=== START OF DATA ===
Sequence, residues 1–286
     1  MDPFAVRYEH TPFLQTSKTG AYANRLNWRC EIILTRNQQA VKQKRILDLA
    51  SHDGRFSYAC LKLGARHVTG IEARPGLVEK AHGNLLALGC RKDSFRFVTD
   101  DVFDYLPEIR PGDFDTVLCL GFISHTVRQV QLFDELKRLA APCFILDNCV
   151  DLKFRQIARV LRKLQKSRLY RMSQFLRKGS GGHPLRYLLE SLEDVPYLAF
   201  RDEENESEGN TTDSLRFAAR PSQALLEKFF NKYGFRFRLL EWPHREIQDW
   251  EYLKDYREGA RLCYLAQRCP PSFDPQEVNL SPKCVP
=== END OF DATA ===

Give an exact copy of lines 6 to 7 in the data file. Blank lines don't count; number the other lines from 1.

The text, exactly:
   201  RDEENESEGN TTDSLRFAAR PSQALLEKFF NKYGFRFRLL EWPHREIQDW
   251  EYLKDYREGA RLCYLAQRCP PSFDPQEVNL SPKCVP